“Just what the doctor ordered”Research into health-based welfare rights advice for Age Concern England Neil Batemanwww.neilbateman.co.uk
The project • Research commissioned by Age Concern England to identify scale, funding, monitoring, range and impact of independent benefits advice delivered in healthcare settings in England • Also to look at lessons; what works/doesn’t work & what’s needed.
Research methods • Project team: Neil Bateman and Geoff Fimister reporting to Sally West at ACE • Survey, data collection from national bodies, mapping of provision • Literature survey on impact of WR advice on health • Telephone interviews with 5 very different projects and up to three stakeholders per project • Additional two projects (Liverpool HABIT and Southwark WRS) visited and written up as case studies
Findings • 170 services, variety of providers and advice methods (mostly CAB or LA WR services). Incl at least 10.5% (889) of GPs’ practices. 167 fte paid advisers. 523 are CAB services • 33% decline in these CAB services from 2005 • Distribution of services very variable • 74 hospitals, 93 MH settings, 27 other NHS • 6,179 hrs (167 fte advisers)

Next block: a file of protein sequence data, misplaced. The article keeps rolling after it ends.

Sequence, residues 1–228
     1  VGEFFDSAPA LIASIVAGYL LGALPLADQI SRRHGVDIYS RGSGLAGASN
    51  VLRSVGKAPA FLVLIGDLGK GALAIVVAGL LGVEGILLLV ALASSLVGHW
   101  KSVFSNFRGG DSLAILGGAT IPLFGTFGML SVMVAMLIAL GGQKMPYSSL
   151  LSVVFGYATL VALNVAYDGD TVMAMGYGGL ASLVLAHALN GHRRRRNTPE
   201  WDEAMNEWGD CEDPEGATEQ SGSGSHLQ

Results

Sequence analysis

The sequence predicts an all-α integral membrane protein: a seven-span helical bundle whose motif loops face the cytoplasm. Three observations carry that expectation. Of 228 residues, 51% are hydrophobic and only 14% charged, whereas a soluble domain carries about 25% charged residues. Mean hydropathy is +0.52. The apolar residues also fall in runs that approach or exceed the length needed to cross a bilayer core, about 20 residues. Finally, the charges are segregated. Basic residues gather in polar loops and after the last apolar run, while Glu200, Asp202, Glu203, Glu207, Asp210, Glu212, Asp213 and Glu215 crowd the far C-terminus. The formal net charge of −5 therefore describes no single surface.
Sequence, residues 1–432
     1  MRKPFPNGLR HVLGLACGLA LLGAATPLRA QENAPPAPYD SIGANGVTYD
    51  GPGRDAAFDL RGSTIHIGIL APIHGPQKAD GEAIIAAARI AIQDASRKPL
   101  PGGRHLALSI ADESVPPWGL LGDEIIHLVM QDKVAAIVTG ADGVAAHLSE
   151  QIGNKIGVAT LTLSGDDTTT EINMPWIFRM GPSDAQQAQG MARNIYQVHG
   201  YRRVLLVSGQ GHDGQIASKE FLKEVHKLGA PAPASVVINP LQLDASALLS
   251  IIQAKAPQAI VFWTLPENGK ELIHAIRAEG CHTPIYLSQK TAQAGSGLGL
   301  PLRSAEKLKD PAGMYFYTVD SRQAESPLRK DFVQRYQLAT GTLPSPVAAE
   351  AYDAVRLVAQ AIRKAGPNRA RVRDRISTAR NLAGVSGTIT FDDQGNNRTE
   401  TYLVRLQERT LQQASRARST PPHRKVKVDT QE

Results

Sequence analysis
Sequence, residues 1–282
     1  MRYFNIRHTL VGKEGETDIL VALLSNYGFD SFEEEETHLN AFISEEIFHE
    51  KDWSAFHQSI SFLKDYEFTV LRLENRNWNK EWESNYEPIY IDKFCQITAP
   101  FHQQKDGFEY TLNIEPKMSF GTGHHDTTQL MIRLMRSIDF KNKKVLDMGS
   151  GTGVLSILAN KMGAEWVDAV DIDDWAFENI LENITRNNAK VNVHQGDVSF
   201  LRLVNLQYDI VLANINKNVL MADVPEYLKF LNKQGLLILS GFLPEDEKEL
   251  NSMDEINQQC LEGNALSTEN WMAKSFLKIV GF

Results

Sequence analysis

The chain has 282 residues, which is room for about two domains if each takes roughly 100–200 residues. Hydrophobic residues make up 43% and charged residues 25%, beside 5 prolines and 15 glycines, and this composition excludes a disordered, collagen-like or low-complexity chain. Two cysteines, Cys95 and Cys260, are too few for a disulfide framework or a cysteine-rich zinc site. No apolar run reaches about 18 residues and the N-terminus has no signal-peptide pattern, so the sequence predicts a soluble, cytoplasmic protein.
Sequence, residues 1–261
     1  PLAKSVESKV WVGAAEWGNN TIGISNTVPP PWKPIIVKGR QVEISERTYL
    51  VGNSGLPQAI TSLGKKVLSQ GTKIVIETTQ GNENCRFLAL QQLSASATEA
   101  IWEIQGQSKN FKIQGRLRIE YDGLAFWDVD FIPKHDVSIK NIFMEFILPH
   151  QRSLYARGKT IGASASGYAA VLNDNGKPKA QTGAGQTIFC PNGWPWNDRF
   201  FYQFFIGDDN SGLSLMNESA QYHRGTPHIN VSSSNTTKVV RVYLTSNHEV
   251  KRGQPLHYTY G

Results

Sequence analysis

Findings (2) • £5.77m spent on services, • £43 - £58 m extra in benefits, for estimated 28,216 people in 2006 (£1,549 per service user). 70+% aged over 65? • £260,523 per fte adviser = return of £10.13 per £1 spent on service • Everyone reports a positive impact on health/well being, especially a drop in stress • More research needed to quantify impact, but like many clinical interventions, it may be hard to quantify the health impact
Key messages • PCTs often marginal. Can run without them, but need PCT backing for service to be sustainable and integrated • Most services financially weak (eg big decline in CAB services) • Performance measurement too variable. Monitoring is variable • Use pre-booked appointments, but be flexible • The right type of adviser is important • Lack of a national strategy, confusion about role of DWP & welfare reform • Relationships with NHS counterparts are vital • Services highly valued by stakeholders • Paradox of sustainability: overload
How not to set up an advice service in the NHS • Insufficient evidence of need & impact • Initiative parachuting • Lack of a champion • Insufficient time spent building relationships • Unclear referral process/criteria • Ignoring the PCT and/or NHS trust • Inconsistent use of advisers • Rigid service model • Extravagant needs for premises • Poor grasp of health care professionals’ needs • Poor rationale for the method used • No long-term funding possible.